Football fans next season could catch a train in Lathrop, enjoy barbecue-less tailgate parties and unload only steps from the San Francisco 49ers’ new stadium in Santa Clara without the headache of driving and parking.
The 49ers have been huddling with the Altamont Corridor Express on forming a partnership and hope soon to announce terms for special trains, which would run in addition to ACE’s daily commuter service.
ACE hopes to extend a $161 million line from Lathrop to Modesto by 2018, and to Turlock and Merced by 2022. But that depends on whether voters throughout Stanislaus County approve a transportation tax, which leaders have yet to place on a specific ballot.
About 350 people from Stanislaus County catch ACE trains each workday to East Bay jobs. Commuters pay $23 round-trip fares from Stockton to Great America, Santa Clara and San Jose stations. Fans heading to Levi’s Stadium for 49ers’ 2014 home games would get discounted deals of $12 to $15, according to a tentative deal to be discussed at Friday’s San Joaquin Regional Rail Commission meeting.
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Commissioners also are expected to consider putting in motion a 4.75 percent fare increase for commuter trains.
If approved, the football deal would run special trains to 10 home games, including one against the division rival Seattle Seahawks, who destroyed Denver in Sunday’s Super Bowl after getting by San Francisco two weeks earlier.
Game dates have not been announced, but opponents were chosen a few months ago. Those coming to Santa Clara this year are teams in the 49ers’ division – Seattle, Arizona and St. Louis – plus Philadelphia, Washington, Kansas City, San Diego and Chicago. Trains also will run to two preseason games for which opponents have not been announced.
ACE for years has carried people on non-commute trains to special events such Oakland A’s and Oakland Raiders games and the San Jose Jazz Festival, plus Great America amusement park trips for school groups. A deal with the 49ers would require all of ACE’s capacity for special trains under its contract with the Union Pacific Railroad, meaning all others would be canceled, but ACE would try to negotiate for more dates, a staff report says.
The 49ers and ACE don’t figure to have problems filling 600-passenger trains, as the East Bay and San Joaquin Valley are home to about 10,000 ticket-buying patrons.
However, the 20-mile ACE extension to Modesto and beyond is anything but sure.
Transportation leaders throughout Stanislaus County three weeks ago approved a tax proposal that could generate $970 million over 25 years, but no date has been set for asking voters – who previously rejected similar surtaxes in 2006 and 2008, although the last failed by a thin margin.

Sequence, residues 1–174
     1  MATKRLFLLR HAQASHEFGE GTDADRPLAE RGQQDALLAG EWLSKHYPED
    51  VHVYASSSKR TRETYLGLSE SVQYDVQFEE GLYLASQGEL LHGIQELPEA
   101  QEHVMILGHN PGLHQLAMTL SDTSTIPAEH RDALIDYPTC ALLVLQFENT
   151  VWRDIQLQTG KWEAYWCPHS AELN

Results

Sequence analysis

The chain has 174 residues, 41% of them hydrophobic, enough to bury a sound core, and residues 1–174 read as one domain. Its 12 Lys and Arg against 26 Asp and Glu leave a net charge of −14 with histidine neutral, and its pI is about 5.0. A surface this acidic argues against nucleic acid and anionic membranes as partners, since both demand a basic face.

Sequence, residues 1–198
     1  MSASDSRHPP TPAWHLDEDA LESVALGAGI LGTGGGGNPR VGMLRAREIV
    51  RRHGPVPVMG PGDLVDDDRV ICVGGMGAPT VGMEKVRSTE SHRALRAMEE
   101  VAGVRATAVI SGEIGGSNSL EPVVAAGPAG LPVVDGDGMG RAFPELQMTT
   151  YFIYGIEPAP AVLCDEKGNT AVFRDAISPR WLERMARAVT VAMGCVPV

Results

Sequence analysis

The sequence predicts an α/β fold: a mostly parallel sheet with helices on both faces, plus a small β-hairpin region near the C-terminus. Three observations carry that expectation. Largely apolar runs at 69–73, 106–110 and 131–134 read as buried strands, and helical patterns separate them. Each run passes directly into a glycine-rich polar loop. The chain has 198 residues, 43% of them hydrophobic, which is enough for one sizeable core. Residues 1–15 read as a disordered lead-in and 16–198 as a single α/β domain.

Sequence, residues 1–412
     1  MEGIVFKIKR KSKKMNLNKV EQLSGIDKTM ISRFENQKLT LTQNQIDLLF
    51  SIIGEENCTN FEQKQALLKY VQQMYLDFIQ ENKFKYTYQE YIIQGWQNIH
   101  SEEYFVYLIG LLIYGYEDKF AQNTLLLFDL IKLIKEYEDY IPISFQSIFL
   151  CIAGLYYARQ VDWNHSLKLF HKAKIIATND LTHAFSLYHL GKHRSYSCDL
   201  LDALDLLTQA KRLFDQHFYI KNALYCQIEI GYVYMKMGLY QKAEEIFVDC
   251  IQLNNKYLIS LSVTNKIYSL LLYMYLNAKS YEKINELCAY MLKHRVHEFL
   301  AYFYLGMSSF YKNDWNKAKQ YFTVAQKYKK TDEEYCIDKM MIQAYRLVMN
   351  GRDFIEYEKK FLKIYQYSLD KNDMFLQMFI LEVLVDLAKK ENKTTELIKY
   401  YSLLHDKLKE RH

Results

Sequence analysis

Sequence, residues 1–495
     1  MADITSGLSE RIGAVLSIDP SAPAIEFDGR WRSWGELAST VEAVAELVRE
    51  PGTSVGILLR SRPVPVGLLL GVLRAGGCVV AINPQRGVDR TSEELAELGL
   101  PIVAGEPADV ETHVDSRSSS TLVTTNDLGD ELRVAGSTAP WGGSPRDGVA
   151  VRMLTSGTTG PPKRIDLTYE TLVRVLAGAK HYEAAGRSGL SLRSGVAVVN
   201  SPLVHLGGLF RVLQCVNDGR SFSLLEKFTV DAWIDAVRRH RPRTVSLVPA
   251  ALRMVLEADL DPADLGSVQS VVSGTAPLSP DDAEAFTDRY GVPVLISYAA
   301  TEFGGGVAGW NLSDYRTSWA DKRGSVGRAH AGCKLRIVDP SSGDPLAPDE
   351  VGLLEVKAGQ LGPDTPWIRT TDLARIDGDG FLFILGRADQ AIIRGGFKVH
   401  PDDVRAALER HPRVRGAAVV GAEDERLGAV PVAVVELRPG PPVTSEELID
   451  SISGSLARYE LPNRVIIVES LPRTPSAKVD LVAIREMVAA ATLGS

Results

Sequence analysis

A plan would divide proceeds from higher sales tax into 47 percent for local streets and roads, 47 percent for new expressways and 6 percent for regional rail, bicycles and improving mobility for seniors and the disabled. Leaders last month argued over priorities and downgraded rail in favor of more for seniors and the disabled, leaving about $1.86 million a year for the ACE extension, if the measure passes.
By contrast, people in San Joaquin County, where ACE is headquartered, contribute up to a third of that county’s successful transportation tax to rail and other transit.
In addition to depots in Stockton, Lathrop and Santa Clara County, ACE stops in Tracy, Livermore, Pleasanton and Fremont.
ACE has been on an upward swing, increasing passengers by more than 19 percent in the last half of 2013 compared with the same period in 2012. Fare revenue soared nearly 29 percent, from $2.6 million to $3.3 million, for that same period.
If commissioners approve the proposed fare hike, a one-way ticket from Lathrop to Santa Clara County would go from $12 to $12.75.
When ACE last raised fares 10 percent in 2012, riders said they would rather face small increases more frequently than huge spikes every few years. So rail staff came up with a plan for bumps tied to a consumer price index every two years.
Rail commissioners on Friday are expected to begin asking people what they think about raising ticket prices, and would take comments through April 4, with a public hearing set for that date. The commission would take a formal vote May 2, and rates would increase Oct. 1.